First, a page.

Scientists on both sides of the Atlantic have become embroiled in a war of words over energy from trees. A recent Chatham House report claimed that burning wood for electricity is worse for the climate than using coal. It sparked a backlash from a group of 125 academics in the field who said the research was deeply flawed.Continue
A full-grown Southern pine beetle is still about half the length of a grain of rice, but state and federal forestry officials worry this tiny bug could have a monster impact this year on the state of Alabama’s $11 billion wood products industry. “With Southern pine beetles, the Latin name (Dendroctonus frontalis) actually means tree killer, and it is,” said Edward Loewenstein, associate professor of silviculture at Auburn University’s School of Forestry and Wildlife Sciences. “It is well-suited to take trees out.”
Japanese trading houses and electricity retailers are increasing their imports of wood chips and palm shells, with demand expected to surge amid a rush of construction of biomass power plants, according to a report from the Nikkei Asian Review. The government is revising its fixed-price power purchase scheme so that the price for biomass-generated power falls to 21 yen (19 cents) from 24 yen per kilowatt-hour, effective October, according to the news channel.
This update of research from last year finds that from the early 1970s to the early 2010s, population, employment, and personal income on average all grew significantly faster—two times faster or more—in western rural counties with the highest share of federal lands compared to counties with the lowest share of federal lands. Per capita income growth was slightly higher in counties with more federal land.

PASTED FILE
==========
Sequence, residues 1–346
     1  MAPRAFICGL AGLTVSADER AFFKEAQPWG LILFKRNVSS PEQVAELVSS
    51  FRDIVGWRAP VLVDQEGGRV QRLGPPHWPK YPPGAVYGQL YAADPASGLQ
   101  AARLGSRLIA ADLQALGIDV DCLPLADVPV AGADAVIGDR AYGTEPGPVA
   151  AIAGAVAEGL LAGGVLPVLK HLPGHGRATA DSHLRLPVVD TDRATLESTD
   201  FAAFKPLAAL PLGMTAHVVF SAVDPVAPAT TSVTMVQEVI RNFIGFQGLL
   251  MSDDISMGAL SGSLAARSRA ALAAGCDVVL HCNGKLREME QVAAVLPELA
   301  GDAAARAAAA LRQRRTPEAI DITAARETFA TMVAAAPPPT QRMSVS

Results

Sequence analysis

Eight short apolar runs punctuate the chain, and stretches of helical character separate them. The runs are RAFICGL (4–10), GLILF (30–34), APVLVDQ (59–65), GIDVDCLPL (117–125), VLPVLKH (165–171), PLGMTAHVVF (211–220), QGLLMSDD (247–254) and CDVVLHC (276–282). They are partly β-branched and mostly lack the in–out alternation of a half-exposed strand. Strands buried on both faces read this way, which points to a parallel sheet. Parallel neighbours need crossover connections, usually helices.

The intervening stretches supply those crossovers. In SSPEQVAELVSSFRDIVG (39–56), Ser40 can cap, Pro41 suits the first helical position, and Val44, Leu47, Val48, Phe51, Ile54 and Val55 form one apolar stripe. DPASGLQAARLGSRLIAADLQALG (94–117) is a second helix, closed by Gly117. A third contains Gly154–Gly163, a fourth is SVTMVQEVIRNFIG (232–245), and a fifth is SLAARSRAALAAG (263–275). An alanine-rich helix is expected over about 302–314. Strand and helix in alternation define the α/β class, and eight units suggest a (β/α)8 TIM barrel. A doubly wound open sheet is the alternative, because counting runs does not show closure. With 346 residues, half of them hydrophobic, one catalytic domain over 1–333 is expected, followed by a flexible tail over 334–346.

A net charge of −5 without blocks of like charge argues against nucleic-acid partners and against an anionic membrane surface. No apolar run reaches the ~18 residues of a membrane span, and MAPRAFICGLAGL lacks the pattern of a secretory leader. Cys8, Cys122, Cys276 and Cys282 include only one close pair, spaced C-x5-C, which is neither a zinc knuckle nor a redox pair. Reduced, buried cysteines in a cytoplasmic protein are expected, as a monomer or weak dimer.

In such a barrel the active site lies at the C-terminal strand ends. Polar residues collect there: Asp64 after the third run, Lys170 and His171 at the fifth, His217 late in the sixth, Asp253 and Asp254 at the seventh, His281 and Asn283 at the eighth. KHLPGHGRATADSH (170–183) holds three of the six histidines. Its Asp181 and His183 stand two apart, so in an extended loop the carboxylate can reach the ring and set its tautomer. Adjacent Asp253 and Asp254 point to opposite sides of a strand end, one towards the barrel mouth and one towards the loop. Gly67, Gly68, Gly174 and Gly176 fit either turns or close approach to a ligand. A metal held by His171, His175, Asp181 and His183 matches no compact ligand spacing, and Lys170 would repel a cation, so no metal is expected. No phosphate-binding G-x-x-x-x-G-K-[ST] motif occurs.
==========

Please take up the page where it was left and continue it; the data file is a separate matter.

Oregon is setting the pace for the nation in mass timber manufacturing, design and construction. A new report by the Oregon Forest Resources Institute offers insights from the architecture, engineering and construction communities on this burgeoning trend. Forest to Frame showcases the public and private partnerships contributing to a growing movement that’s redefining how apartments, hotels and offices are constructed. The 20-page report profiles Oregon developers, architects and contractors who are at the forefront of using advanced wood products such as cross-laminated timber (CLT) to build multistory structures –even skyscrapers – almost entirely out of wood.